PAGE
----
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Changes to method signatures in IWeb 4
Location: BlogsIan Lackey    
Posted by: itlackey 1/26/2008

One of the questions while migrating IWeb to WCF, was how to maintain the same header as previous versions of IWeb. This header is important due to the fact that it carries with it the portalId and user credentials for the request. We found a couple of possible ways to maintain this functionality. The option we did not choose involved using message inspectors, but this seemed very foreign to the IWeb way of things.

So, we decided to go with MessageContracts for input and output parameters for all methods. While this may appear to be a limitation at first, once you are accustom to the concept it is actually very intuitive and flexible! We will even be providing some generic contracts for you to use for simple method signatures, such as a function that returns a string and takes no parameters. There is also a base class, IWebRequest that we encourage you to inherit from when you have a need to create your own message contract. Below is a diagram of some of the message contracts used by the IWeb core.

CoreRequestMessages.png

 

As you can see, all of the requests derive from IWebRequest in order to get the header attached to the request for free. This holds true for the generic message contracts provided by the core as in the following diagram:

GenericMessageContracts.png

 

These classes were created as an ease of use feature for developers creating extension methods for IWeb. This allows you to pass up to two strong typed parameters to a method without requiring you to create your own message contract. We may expand upon this concept if the community speaks out and says "two parameters are not enough!" Even so, I strongly recommend creating your own message contracts once you cross the two parameter threshold. Imagine, a message with 15 parameters all named Parameter1 through Parameter15... do you smell that? Take the encryptionRequest class for example, very easy to swap the key for the text if they are name Parameter1 and Parameter2. Which is exactly why we created that message contract for encryption requests.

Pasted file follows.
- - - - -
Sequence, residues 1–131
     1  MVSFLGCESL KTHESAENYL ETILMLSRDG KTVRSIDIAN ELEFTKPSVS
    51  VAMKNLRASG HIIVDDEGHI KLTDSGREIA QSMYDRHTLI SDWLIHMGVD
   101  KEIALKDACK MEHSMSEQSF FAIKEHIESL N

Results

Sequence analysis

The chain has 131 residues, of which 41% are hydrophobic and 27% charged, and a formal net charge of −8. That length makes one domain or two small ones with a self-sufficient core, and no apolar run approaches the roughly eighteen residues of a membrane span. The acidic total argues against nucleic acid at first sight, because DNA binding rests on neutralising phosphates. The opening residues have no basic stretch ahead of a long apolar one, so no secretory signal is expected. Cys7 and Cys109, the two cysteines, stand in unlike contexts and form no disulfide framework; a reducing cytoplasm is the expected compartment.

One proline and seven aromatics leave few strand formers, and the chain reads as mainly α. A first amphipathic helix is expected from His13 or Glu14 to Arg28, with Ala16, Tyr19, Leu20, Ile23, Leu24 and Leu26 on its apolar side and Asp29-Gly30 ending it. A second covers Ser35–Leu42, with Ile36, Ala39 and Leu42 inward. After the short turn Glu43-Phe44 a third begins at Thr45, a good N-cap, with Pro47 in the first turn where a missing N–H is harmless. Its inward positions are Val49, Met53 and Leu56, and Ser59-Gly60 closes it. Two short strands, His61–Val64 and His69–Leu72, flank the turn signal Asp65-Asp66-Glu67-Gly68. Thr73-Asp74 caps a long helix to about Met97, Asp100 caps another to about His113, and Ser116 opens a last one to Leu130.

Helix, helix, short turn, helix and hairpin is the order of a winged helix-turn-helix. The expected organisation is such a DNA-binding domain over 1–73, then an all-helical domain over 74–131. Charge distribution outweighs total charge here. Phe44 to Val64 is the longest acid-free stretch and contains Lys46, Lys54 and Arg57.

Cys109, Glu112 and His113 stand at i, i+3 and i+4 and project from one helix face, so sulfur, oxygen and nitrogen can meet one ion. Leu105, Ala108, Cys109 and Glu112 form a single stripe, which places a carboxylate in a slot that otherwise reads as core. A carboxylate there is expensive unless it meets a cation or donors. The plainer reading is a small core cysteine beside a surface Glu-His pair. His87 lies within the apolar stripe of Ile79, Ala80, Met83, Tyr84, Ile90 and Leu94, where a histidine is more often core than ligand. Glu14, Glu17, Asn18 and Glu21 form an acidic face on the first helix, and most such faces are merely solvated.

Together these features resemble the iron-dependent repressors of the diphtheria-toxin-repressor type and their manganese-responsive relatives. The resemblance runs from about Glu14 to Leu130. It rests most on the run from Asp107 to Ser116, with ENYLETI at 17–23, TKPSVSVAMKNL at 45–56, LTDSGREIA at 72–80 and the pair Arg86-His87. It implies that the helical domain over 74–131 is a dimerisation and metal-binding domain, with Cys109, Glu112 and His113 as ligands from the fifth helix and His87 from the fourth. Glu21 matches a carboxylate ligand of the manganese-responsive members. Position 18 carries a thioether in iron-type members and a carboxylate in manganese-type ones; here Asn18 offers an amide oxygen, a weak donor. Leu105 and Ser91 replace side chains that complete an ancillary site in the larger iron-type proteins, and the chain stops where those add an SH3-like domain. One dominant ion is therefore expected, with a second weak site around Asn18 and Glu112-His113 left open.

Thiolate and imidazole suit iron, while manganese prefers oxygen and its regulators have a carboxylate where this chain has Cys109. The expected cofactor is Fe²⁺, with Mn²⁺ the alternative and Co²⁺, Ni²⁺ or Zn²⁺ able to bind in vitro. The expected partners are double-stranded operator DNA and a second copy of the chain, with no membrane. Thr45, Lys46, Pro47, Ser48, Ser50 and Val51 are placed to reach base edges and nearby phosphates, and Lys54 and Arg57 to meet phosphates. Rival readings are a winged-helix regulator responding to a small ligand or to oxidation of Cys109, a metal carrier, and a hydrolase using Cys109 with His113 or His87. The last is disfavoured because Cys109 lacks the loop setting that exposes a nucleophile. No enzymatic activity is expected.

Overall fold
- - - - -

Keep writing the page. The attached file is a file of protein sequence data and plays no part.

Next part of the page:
With that said, creating your own message contract for your extension method is actually very easy and will probably make your code more readable. Here is there code for the AddFolderRequest message contract:

 <MESSAGECONTRACT()>_ 
Public Class AddFolderRequest
        Inherits IWebRequest

        Private _NewFolderName As String = String.Empty

        Public Property NewFolderName() As String
            Get
                Return _NewFolderName
            End Get
            Set(ByVal value As String)
                _NewFolderName = value
            End Set
        End Property

    End Class
    
With this message contract in place the AddFolder signature then becomes: Public Sub AddFolder(ByVal msg As AddFolderRequest)

With that single parameter you are passing all of the information needed to authenticate, authorize and process the request. If you are thinking, "you could have used IWebRequest(Of T1) instead of creating the AddFolderRequest class!" You are correct! The method signature could very easily have been: Public Sub AddFolder(ByVal msg As IWebRequest(Of String))  Changing the signature to use the generic request would not change you would process the request beyond the name of the member you would call to get the name of the folder. NewFolderName versus Parameter1. Obviously, the first option is much more readable and the generics are there only for ease of use.

So far, I have shown you all about message requests, and that's great, right?! But what good is an SOA framework if you cannot get data back from it? Enter IWebResponse(Of T)! As you may have assumed this works in the opposite direction as the IWebRequest contracts. However, it is still simply a message contract. On the response side we only provide one generic return type. Similar to the request, I suggest any time you need to return a complex object, that you create your own Data Contract for the response type. If you are returning a value type then it should be acceptable to use IWebResponse(Of String) or IWebResponse(Of Integer) etc.